But the seeming consensus fell apart in 2002 when a huge federal study on hormone therapy was stopped after researchers found that menopausal women who took certain hormones had an increased risk of invasive breast cancer, heart disease and stroke. A later study found that hormones increased the risk of dementia in older patients.In other words, not nearly benefits touted and the results (especially with dementia) were opposite of what was being claimed. Honestly, anyone who thinks medical care should not be reformed, or that 'the market' can somehow suss this crap out and eliminate the cheaters, is just plain delusional.
Wednesday, August 5, 2009
Monday, August 3, 2009
- The Federal Reserve Board on Monday approved a final rule for home mortgage loans to better protect consumers and facilitate responsible lending. The rule prohibits unfair, abusive or deceptive home mortgage lending practices and restricts certain other mortgage practices. The final rule also establishes advertising standards and requires certain mortgage disclosures to be given to consumers earlier in the transaction.
The final rule, which amends Regulation Z (Truth in Lending) and was adopted under the Home Ownership and Equity Protection Act (HOEPA), largely follows a proposal released by the Board in December 2007, with enhancements that address ensuing public comments, consumer testing, and further analysis.
"The proposed final rules are intended to protect consumers from unfair or deceptive acts and practices in mortgage lending, while keeping credit available to qualified borrowers and supporting sustainable homeownership," said Federal Reserve Chairman Ben S. Bernanke. "Importantly, the new rules will apply to all mortgage lenders, not just those supervised and examined by the Federal Reserve. Besides offering broader protection for consumers, a uniform set of rules will level the playing field for lenders and increase competition in the mortgage market, to the ultimate benefit of borrowers," the Chairman said.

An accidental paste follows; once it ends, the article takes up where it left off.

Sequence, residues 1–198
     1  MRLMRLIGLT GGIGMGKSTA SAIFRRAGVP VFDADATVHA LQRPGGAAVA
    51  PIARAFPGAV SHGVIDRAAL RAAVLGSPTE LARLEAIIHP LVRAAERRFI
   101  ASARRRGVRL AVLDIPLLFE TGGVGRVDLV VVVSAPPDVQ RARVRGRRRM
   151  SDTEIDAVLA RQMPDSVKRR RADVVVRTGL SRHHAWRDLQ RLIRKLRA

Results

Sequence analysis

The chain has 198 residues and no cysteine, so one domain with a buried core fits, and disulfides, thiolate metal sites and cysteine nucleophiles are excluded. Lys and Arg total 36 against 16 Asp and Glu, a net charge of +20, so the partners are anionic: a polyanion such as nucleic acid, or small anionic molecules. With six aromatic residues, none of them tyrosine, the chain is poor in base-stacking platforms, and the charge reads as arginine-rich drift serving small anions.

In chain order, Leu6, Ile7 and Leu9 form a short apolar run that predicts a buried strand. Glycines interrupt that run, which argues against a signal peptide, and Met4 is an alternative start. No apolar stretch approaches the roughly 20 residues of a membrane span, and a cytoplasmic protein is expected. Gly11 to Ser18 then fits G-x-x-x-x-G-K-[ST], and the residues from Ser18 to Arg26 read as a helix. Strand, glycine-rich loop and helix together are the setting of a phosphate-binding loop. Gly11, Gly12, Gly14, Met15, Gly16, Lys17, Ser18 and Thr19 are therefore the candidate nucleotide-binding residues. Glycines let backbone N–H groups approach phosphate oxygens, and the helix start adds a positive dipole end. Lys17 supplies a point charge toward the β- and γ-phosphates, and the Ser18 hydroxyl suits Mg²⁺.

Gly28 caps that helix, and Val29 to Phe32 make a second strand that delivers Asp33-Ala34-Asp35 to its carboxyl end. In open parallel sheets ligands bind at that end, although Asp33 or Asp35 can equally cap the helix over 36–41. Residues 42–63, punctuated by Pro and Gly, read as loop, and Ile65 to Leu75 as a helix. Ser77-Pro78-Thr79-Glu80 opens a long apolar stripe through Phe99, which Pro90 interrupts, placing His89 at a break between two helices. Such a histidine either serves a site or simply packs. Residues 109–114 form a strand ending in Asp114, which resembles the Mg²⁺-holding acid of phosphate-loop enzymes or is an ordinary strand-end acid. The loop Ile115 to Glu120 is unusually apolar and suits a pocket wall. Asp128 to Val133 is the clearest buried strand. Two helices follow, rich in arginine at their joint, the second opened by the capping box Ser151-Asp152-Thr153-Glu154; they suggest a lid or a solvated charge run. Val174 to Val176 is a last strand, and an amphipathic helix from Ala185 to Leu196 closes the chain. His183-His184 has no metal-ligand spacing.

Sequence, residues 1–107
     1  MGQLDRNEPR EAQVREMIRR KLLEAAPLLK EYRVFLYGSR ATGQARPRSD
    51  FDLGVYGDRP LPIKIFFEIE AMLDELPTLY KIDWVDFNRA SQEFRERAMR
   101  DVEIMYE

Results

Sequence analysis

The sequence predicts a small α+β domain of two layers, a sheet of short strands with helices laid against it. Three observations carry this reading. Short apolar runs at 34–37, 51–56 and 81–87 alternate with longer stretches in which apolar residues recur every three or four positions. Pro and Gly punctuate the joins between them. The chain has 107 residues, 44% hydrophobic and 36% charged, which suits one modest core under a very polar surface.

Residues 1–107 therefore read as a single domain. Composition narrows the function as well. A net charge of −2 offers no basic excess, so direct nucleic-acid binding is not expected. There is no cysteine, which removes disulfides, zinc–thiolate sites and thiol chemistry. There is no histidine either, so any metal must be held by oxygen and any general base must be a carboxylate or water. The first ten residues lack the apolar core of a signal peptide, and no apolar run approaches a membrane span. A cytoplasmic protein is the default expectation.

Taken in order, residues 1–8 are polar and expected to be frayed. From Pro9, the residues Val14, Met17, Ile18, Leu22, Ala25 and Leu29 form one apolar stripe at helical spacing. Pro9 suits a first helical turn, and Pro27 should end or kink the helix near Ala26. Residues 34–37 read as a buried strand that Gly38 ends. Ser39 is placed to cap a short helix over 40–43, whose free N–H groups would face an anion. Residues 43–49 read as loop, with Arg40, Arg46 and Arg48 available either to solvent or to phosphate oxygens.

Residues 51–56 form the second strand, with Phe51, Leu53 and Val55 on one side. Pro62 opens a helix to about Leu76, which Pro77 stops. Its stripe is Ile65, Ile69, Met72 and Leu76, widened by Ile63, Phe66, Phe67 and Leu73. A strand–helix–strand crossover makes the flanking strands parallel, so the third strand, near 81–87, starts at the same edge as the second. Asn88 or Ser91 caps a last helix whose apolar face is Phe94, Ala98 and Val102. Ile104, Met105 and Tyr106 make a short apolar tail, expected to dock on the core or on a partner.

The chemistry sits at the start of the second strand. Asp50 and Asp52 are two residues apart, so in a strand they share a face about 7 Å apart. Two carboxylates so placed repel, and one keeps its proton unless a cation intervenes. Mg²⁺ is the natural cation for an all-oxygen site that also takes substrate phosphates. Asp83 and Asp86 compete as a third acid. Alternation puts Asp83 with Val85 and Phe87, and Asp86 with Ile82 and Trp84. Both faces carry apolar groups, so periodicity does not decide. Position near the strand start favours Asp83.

The final rule adds four key protections for a newly defined category of "higher-priced mortgage loans" secured by a consumer's principal dwelling. For loans in this category, these protections will:
Prohibit a lender from making a loan without regard to borrowers' ability to repay the loan from income and assets other than the home's value. A lender complies, in part, by assessing repayment ability based on the highest scheduled payment in the first seven years of the loan. To show that a lender violated this prohibition, a borrower does not need to demonstrate that it is part of a "pattern or practice."
Require creditors to verify the income and assets they rely upon to determine repayment ability.
Ban any prepayment penalty if the payment can change in the initial four years. For other higher-priced loans, a prepayment penalty period cannot last for more than two years. This rule is substantially more restrictive than originally proposed.
Require creditors to establish escrow accounts for property taxes and homeowner's insurance for all first-lien mortgage loans.
"These changes have made for better rules that will go far in protecting consumers from unfair practices and restoring confidence in our mortgage system," said Governor Randall S. Kroszner.
In addition to the rules governing higher-priced loans, the rules adopt the following protections for loans secured by a consumer's principal dwelling, regardless of whether the loan is higher-priced:
Creditors and mortgage brokers are prohibited from coercing a real estate appraiser to misstate a home's value.